Food pantry faced with closure

Published 8:00 am Wednesday, March 8, 2023

Getting your Trinity Audio player ready...

A local food pantry is faced with being kicked out of a building, and those who are in need of food may be left hungry.

Community Resource Services (CRS), a not-for-profit founded in 2000, provides a food pantry and other services for Lunenburg County, Nottoway County and other neighboring counties currently utilize The Peoples Community Center (TPCC).

For CRS, TPCC in Victoria has been their weekly distribution and food storage site since the beginning; however, that could be coming to an end as soon as March 23.

CRS executive director Donna Dagner explained that the community center will now use the area where the organization houses coolers, freezers, food pantry equipment, and a room that houses tables.

According to Dagner, a new board member of the community center noted, last year that “the food bank needs to find their own building.”

“About 18 months ago, the TPCC Board decided they wanted to use the room that housed the tables for a dressing room,” Dagner said. “ At our quarterly meeting, a request was made to move the tables to the backroom designated for the food pantry. I agreed to make it happen within the next 30 days… It was done.

Dagner continued explaining that the Board decided that the 250 chairs that have always been around the wall also needed to move into the backroom.

“I explained that this posed a problem because the food pantry participates in a direct store program through Feedmore,” she added. “This means that food is donated and picked up daily from Food Lion, Walmart and Dollar General for the food pantry. 90% of the food picked up has to be either refrigerated or frozen. So we needed ready access to the four freezers and two commercial coolers on a daily basis. This is not possible.”

According to Dagner, at the September 2022 board meeting of TPCC, Dagner was notified that the food pantry would need to leave the building by the end of the year.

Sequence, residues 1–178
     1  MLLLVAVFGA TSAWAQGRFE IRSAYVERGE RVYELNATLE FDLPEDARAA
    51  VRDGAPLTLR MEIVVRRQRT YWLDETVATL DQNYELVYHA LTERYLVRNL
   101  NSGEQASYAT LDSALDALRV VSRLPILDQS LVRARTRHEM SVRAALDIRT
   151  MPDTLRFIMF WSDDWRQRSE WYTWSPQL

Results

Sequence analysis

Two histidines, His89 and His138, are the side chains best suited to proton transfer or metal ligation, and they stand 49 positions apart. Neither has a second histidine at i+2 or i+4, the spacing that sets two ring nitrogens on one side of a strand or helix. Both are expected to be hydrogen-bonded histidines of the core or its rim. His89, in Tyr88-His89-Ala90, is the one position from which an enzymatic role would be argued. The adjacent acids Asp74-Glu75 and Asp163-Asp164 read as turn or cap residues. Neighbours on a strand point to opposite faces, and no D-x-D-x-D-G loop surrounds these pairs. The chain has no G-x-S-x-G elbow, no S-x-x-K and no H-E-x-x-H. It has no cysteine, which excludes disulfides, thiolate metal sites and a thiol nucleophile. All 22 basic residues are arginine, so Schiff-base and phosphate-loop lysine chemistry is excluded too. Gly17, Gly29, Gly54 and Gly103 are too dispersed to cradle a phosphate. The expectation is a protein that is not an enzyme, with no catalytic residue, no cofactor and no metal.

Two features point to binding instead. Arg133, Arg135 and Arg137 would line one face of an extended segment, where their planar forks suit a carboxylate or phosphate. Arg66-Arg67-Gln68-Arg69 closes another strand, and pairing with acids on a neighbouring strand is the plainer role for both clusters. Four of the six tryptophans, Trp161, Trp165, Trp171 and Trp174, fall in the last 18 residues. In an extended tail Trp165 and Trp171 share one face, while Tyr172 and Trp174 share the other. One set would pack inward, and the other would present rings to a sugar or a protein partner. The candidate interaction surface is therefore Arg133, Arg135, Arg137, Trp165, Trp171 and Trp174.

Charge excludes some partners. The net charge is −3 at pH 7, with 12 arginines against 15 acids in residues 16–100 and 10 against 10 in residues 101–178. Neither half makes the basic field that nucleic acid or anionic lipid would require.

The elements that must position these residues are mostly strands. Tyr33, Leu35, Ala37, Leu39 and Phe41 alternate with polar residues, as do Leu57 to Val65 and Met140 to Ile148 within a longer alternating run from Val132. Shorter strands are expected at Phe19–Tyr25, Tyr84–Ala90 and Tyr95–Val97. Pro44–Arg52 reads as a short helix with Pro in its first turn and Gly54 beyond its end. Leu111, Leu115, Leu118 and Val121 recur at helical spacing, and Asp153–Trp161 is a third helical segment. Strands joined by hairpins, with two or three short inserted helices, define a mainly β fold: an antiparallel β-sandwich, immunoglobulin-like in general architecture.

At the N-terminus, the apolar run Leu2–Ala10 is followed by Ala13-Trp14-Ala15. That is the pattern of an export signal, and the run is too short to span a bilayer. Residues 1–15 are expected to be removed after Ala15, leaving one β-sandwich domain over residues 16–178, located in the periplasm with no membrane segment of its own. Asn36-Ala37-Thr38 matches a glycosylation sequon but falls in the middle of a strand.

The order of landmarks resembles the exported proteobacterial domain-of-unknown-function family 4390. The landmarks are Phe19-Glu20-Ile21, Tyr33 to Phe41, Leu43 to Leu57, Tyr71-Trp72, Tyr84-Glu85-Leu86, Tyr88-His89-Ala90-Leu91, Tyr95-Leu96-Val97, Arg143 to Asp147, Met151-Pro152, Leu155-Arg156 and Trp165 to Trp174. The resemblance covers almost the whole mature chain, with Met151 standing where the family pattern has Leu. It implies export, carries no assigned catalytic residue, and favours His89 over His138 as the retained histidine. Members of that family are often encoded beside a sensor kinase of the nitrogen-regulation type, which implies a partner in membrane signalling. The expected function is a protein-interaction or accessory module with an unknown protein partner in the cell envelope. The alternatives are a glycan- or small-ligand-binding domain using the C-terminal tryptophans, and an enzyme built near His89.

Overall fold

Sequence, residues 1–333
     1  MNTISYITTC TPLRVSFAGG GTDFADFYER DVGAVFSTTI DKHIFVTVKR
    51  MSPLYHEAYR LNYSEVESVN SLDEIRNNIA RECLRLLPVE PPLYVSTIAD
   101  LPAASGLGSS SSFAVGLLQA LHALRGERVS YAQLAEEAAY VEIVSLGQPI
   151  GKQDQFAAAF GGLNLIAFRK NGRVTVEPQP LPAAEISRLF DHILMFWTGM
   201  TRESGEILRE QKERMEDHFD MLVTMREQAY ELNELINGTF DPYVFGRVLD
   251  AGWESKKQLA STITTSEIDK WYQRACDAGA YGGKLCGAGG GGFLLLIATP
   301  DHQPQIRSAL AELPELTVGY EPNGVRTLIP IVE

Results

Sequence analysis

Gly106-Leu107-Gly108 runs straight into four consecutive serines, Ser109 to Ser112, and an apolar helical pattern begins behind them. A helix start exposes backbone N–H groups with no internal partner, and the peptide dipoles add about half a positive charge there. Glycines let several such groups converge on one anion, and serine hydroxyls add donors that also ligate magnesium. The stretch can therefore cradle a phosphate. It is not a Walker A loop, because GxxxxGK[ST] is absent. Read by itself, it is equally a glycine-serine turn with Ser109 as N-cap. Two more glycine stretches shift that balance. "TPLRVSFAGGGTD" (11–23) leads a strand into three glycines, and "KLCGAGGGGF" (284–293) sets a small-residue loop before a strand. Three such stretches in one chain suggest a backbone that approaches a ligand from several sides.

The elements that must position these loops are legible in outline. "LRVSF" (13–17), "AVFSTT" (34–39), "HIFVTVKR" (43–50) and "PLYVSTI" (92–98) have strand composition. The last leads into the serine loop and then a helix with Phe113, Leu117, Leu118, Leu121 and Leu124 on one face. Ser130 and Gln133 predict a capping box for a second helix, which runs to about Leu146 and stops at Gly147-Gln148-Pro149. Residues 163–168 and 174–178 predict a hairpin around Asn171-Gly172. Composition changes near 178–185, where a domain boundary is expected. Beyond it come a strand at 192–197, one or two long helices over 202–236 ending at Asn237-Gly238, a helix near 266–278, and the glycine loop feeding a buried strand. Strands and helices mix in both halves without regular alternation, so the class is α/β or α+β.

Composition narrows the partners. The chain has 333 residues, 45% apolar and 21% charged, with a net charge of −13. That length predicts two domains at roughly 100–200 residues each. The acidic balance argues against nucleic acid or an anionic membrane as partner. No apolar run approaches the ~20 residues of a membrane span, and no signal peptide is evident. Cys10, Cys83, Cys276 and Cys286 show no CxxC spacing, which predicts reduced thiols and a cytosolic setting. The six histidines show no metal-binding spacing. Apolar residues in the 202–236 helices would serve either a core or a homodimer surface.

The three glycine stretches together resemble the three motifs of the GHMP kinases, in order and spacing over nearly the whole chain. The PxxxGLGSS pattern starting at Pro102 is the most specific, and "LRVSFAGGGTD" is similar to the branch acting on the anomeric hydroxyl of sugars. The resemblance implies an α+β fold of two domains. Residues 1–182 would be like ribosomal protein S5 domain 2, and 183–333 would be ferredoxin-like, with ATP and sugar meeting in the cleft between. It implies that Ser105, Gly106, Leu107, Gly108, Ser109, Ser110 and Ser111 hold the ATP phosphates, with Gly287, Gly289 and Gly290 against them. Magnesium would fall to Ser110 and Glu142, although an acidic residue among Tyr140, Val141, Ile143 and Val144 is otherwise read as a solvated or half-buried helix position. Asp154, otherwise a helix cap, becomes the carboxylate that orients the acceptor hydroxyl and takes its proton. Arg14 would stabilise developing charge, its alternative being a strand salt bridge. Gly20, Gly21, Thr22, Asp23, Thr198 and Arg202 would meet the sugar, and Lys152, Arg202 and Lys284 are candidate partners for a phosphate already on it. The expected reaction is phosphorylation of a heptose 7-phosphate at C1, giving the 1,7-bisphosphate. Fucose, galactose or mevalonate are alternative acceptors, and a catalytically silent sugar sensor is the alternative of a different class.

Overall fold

“The issue here is the newer board members were not aware of the origin and history of the food pantry,” Dagner said.

According to Dagner, the newer board members were of the belief that this was “Donna’s Food Pantry” and she needed to find another building, whereas this was the TPCC Food Pantry, where Dagner served as the Director.

It was in 2001 when the TPCC Board of Directors agreed to sponsor, house, store, and support a Food Pantry to provide a service to the community. That’s when the name TPCC Food Pantry originated.

“As a member of the TPCC Board, I did the research, and my mom (also a TPCC Board member) and I made the contacts, attended the mandatory training classes and enlisted the help of volunteers,” Dagner said. “Within the next couple of years, the Board decided to add an additional portion to the building to house the coolers, freezers and food pantry equipment.

Dagner said she believes that the new TPCC board members were unaware that the addition to the building was for the food pantry.

According to Dagner, the food pantry was reorganized as a separate entity to avoid shutting down. In September 2022, the new entity (CRS) was granted 501c3 status.

To date, the TPCC Board has decided to give CRS an extension of March 23. “We have been working with the Victoria Town Manager Rodney Newton and Lisa Novak of Unity Realty to find another building, with no success,” Dagner said.

Dagner said CRS has been and is currently sponsoring monthly fundraisers.

“We have been offered a piece of land and have raised enough to buy this piece of land.,” Dagner said, “The plan is to place a steel building on this land. We have mailed out letters to 67 churches in Lunenburg and Nottoway counties and 107 letters to local businesses asking for sponsorship. We are feverishly and constantly submitting applications for grants and monies from Foundations.”

Danger said she plans to ask the TPCC Board for another extension.

“If they agree, CRS will stay open. If they decide not to extend, the CRS Food Pantry will close until the funds are available to reopen,” she said. “Unfortunately, we will lose our contracts with our Direct Stores.”

In 2022 the CRS food pantry fed 17,000 people and distributed 42,000+ pounds of food, with 90% of those being senior citizens.